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Replying to lionofludesch:
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By Paul Kolovski
14th Dec 2019 11:46

Give Donald a call, he already has an experienced team of wall builders.

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Replying to Paul Kolovski:
RLI
By lionofludesch
14th Dec 2019 11:48

Paul Kolovski wrote:

Give Donald a call, he already has an experienced team of wall builders.

We don't need a wall. Just a frontier.

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Replying to DJKL:
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By Paul Kolovski
14th Dec 2019 11:50

The Scots need to realise that idealogically Sturgeon is actually Corbyn in a skirt.

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Replying to Paul Kolovski:
Hallerud at Easter
By DJKL
14th Dec 2019 12:33

She is really not, the great mystery of the SNP is they are both soft left and in some ways soft right, they can appeal into both factions, that is why both Labour and the Conservatives lose seats to them.

There is this common misconception that Scotland is a socialist leaning country, it really is not, it is more social democratic- if the SNP were really a left wing party they would have nowhere near the success they have.

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Replying to DJKL:
RedFive
By RedFive
15th Dec 2019 14:47

My understanding of Nicola and the SNP as a Northumbrian who keeps a keen eye on our friends across the border is that 'she' talks left and 'they' act right.

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Replying to Paul Kolovski:
RLI
By lionofludesch
14th Dec 2019 13:57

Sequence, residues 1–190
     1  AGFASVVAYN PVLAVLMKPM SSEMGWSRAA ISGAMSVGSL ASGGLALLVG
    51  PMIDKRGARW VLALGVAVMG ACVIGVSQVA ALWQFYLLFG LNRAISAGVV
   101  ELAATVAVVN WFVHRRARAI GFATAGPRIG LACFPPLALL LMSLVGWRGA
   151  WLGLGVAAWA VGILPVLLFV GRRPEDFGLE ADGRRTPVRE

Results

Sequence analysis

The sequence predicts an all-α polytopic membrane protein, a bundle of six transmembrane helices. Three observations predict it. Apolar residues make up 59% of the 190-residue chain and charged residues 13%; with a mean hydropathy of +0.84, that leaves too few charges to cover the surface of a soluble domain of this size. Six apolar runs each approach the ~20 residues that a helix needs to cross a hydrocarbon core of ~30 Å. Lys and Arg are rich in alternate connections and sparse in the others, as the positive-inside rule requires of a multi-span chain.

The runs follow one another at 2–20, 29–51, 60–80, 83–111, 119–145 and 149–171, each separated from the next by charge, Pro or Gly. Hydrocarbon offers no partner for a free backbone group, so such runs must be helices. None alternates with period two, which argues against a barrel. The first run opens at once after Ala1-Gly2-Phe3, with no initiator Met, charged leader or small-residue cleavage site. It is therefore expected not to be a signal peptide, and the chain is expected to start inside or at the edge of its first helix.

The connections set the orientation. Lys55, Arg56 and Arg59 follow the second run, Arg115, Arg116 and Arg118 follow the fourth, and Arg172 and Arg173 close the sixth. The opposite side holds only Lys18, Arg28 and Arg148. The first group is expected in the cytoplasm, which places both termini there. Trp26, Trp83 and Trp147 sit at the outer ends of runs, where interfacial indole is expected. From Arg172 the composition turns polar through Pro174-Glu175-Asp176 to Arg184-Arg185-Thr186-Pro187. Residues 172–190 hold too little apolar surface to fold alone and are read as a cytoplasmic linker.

Paul Kolovski wrote:

The Scots need to realise that idealogically Sturgeon is actually Corbyn in a skirt.

I saw her being interviewed by Cameron Meikelson, the head of the Scottish Police Force, and she didn't wear a skirt for that.

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Replying to DJKL:
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By Mr_awol
16th Dec 2019 08:54

DJKL wrote:

And there you totally miss the point. Yorkshire, lovely place that it is, is a region of England, it stopped being a distinct (ish) kingdom post the vikings, Scotland is not merely a land mass part of the UK, just as NI is not a land mass part of the UK, Scotland is a different country.

I haven't missed it at all. I just make a different point to you.

The EU referendum wasn't offered to individual countries. It was offered to the UK electorate as a whole. Scotland voted to remain part of the UK and so they were included in the main vote on whether to stay in the EU. That's how it works. As such, a Scot's vote is equal to a Mancunian's, a Cockney's or anyone else's. My point about the population of Scotland vs Yorkshire is that the collective votes of each region held equal weight, as they should have.

The big problem with the SNP, and some of their supporters is that they want to have their cake, deep fry it, and eat it - and if they cant do that then it must be the fault of the English.

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Replying to Duggimon:
RLI
By lionofludesch
14th Dec 2019 11:07

Duggimon wrote:

You're entitled to your opinion on what's best for the people of Scotland, but as a person of Scotland I'd like to one day live in a democracy.

More people live in Yorkshire than Scotland or Wales.

More people live in the West Riding than in Northern Ireland.

Yorkshire is bigger than Northern Ireland.